Investors are dumping cash into ‘minotaurs’ to corner competitive markets
Investors love using mythical creatures to categorize a company’s financial status. Why? Well, because a unicorn is rare… or rather, was.
A company valued at $1B isn’t that unheard of anymore, so now, a new mythical creature has emerged — a company that has actually raised over $1B, to use Axios’ coinage, is a “minotaur.”
But, is making a minotaur a positive move for markets?
The rise of ‘blitzscaling’
Now, more than ever, investors are shoveling insane amounts of tickle cash into budding companies in high-potential markets with little competition — so no one else ever has a prayer of catching up — AKA “blitzscaling.”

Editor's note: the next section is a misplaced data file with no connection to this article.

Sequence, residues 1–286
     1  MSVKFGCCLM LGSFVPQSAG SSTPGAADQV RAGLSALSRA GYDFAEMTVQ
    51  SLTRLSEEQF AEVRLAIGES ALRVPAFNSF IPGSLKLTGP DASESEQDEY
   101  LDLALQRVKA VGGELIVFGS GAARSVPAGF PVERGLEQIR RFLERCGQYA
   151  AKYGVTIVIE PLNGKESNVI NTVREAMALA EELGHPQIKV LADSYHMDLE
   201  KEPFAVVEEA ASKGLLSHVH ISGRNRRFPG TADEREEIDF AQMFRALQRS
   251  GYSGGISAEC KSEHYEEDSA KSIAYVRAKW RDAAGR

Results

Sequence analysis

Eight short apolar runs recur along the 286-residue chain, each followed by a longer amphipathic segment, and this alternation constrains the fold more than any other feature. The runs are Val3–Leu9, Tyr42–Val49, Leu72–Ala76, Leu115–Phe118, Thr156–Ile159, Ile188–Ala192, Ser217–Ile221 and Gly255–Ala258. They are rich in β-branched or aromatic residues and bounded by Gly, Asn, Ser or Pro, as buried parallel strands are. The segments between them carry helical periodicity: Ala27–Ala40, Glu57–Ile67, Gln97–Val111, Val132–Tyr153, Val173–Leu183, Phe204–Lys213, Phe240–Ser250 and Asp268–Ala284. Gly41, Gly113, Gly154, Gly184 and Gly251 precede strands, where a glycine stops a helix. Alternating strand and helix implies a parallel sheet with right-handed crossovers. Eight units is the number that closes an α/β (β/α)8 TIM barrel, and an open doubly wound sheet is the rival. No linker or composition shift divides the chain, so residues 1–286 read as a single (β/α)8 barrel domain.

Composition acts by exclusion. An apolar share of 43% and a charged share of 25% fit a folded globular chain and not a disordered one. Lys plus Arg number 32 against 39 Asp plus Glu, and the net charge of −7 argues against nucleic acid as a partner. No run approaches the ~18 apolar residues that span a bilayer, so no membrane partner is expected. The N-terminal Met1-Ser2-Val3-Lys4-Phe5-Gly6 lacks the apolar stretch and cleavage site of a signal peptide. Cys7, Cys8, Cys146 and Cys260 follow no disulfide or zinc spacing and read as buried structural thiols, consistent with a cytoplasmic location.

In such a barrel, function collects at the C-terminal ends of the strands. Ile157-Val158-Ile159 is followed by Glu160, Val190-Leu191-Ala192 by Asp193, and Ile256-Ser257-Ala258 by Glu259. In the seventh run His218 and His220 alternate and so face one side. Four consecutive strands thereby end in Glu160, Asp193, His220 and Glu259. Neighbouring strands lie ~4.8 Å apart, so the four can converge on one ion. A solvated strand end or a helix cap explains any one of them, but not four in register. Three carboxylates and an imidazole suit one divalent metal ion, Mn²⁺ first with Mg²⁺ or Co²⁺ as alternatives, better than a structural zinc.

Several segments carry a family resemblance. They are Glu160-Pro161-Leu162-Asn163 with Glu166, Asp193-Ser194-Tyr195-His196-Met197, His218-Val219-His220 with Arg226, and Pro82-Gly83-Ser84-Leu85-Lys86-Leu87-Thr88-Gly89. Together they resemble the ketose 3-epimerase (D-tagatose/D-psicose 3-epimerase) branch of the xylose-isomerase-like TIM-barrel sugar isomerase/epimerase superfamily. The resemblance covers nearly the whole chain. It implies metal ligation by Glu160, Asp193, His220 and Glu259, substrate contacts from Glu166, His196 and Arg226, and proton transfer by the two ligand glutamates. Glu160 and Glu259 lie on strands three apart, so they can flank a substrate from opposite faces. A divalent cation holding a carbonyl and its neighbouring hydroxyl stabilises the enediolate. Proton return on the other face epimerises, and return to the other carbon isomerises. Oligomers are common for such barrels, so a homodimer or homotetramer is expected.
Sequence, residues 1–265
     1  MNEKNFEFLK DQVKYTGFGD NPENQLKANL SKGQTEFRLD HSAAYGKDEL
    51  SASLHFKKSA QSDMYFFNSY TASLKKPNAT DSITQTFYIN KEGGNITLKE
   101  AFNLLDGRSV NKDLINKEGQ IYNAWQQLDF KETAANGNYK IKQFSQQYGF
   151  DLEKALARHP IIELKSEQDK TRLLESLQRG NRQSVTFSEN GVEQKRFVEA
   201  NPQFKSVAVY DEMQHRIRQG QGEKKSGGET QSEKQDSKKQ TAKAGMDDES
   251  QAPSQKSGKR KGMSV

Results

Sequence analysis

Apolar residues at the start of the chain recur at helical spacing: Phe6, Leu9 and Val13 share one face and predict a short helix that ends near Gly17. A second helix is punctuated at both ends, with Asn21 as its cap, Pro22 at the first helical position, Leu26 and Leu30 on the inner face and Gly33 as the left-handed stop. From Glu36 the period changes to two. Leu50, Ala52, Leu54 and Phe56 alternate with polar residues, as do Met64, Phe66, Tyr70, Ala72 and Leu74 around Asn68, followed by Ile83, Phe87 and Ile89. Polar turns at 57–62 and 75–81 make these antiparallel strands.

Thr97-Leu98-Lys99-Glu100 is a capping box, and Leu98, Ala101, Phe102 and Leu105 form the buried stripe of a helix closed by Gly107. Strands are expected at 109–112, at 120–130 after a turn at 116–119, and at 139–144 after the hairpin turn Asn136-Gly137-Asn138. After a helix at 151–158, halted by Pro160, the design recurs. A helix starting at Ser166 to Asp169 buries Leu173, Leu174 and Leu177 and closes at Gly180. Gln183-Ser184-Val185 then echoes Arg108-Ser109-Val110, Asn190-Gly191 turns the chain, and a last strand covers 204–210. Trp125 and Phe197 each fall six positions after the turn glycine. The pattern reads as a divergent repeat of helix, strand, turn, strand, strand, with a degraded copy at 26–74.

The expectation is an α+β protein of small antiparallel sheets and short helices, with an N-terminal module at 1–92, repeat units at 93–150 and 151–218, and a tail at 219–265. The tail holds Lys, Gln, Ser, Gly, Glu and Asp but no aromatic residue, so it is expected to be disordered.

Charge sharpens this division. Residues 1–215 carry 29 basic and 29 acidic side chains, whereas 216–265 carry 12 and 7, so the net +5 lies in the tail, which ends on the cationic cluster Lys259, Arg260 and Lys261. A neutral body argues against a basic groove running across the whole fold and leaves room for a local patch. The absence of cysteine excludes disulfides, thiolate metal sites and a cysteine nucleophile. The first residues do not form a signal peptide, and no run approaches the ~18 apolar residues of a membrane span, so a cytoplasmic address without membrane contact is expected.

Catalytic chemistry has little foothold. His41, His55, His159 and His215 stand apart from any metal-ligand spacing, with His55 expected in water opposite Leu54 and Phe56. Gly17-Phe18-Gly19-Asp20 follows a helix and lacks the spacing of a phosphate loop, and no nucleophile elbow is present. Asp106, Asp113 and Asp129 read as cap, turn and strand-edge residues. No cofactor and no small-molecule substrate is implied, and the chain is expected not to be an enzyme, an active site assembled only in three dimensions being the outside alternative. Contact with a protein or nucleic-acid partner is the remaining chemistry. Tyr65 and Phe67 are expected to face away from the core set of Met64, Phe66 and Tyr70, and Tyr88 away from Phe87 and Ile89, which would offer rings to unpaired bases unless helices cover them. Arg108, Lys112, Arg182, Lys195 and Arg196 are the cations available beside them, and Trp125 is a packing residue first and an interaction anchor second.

It’s like playing Monopoly on crack — as of 2019, there are currently 56 minotaurs (most recently DoorDash), up from 24 in 2018, and just 9 in 2016.
Monopolizing new markets at the speed of cash
Historically, monopolies developed over time and were thought dangerous to market economies, but now they’re an investor’s holy grail — and that could be a disastrous risk.
Blitzscaling is based on the premise that if a company grows to giant status fast enough, the profits will take care of themselves — like the philosophy behind the rideshare race between Lyft and Uber; 2 companies that still remain wildly unprofitable.
Prioritizing speed over efficiency is like living in a house before you’ve built it: You overpaid to take the land off the market, but what good is the land if you don’t know how you’re going to pay for the roof?